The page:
A team of Texas A&M researchers has developed a medication that they hope will combat the symptoms of COVID-19.
Texas A&M professor of chemistry, Dr. Wenshe Liu, has led a team of graduate student researchers to develop MPI8, a medication that they believe could treat patients suffering from COVID-19.
"There was a time when the pandemic had just started in Wuhan, China," said Liu. "The reason we jumped on this research is because I have a relative in Wuhan. So they asked me about a possible medication.”
Liu and fellow researchers have spent over a year-and-a-half in laboratories, working to prepare an ideal molecular medication that could combat the effects of COVID-19.
Once the virus has entered a body, the medicine would stop the replication of virus cells.
"Small molecule medicine will be much cheaper than vaccines," Liu noted. "For small-molecule medicine, like what we have been making, we can easily make a kilogram quantity.”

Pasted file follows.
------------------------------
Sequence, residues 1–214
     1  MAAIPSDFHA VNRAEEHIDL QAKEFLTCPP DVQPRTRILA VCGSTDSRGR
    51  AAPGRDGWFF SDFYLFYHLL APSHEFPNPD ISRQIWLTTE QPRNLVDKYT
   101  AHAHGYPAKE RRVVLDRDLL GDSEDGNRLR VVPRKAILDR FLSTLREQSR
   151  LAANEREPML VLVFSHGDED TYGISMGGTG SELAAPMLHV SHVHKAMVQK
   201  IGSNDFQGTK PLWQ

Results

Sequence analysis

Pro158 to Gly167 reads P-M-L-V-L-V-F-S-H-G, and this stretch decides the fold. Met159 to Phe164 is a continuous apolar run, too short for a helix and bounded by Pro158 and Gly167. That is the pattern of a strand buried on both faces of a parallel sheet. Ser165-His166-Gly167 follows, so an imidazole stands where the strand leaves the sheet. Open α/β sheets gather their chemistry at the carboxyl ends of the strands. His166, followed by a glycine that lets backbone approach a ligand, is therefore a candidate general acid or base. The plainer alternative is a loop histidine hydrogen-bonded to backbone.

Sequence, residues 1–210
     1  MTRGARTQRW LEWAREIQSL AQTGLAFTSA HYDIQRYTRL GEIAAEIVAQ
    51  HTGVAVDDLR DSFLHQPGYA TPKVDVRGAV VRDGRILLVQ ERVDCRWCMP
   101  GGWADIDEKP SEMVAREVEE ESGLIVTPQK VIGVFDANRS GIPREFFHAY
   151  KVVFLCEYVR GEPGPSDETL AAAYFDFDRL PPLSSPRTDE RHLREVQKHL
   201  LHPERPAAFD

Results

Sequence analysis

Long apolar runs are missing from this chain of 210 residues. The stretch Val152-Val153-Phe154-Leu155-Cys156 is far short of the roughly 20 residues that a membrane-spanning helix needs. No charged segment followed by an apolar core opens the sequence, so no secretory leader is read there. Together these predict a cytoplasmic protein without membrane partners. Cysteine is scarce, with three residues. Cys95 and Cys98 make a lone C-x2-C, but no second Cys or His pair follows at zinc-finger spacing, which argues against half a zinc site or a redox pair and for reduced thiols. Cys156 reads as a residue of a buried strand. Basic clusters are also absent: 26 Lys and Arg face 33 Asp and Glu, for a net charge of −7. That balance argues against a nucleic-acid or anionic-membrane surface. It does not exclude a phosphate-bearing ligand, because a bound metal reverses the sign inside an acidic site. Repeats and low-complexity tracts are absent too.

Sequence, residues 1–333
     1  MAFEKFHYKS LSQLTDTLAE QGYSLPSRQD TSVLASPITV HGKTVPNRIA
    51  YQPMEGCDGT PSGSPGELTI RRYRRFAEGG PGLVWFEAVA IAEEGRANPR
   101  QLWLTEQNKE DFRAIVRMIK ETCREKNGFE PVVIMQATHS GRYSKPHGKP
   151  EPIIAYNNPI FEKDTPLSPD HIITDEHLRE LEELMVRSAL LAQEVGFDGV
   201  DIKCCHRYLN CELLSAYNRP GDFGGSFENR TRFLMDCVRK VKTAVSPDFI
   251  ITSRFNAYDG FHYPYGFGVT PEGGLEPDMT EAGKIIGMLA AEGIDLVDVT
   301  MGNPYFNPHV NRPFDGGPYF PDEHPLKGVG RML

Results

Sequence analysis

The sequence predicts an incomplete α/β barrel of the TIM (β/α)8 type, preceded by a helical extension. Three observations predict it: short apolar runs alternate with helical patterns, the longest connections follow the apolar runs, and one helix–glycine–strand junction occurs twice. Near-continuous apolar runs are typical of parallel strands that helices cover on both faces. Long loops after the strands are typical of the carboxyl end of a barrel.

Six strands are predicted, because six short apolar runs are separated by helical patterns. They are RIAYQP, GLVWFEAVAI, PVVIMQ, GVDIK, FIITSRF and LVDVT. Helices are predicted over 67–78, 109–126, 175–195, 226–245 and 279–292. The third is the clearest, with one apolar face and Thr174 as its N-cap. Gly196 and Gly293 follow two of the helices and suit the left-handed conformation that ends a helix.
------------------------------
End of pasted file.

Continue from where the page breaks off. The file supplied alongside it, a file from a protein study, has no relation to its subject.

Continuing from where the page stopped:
While preventative medicine like vaccinations can’t combat all new mutations of disease, Liu said his team’s drug would be effective against numerous variants of Coronavirus.
So far, according to Texas A&M professor of medicine, Dr. Jason McKnight, only the medication Remdesivir has been FDA approved to treat COVID-19 patients.
"That has only been approved in the hospital setting," he explained. "And so the general public that gets a very mild case of COVID, and who doesn’t end up hospitalized, is never a candidate.”
Dr. McKnight said medications such as MPI8 could be important in keeping COVID-19 patients well enough to stay out of hospitals.
“If this medication works, it will be great," he stated. "Because if we can block the viral phase, or blunt the response, then we can also probably blunt and/or block the inflammatory phase, which is where people end up hospitalized or dying from COVID.”
The medication will move forward to be reviewed by the FDA for approval.
According to Texas A&M, the university has already reached an agreement for property rights of the medication with California company Sorrento Therapeutics.
Dr. Liu hopes the medication could be available for distribution as early as next summer.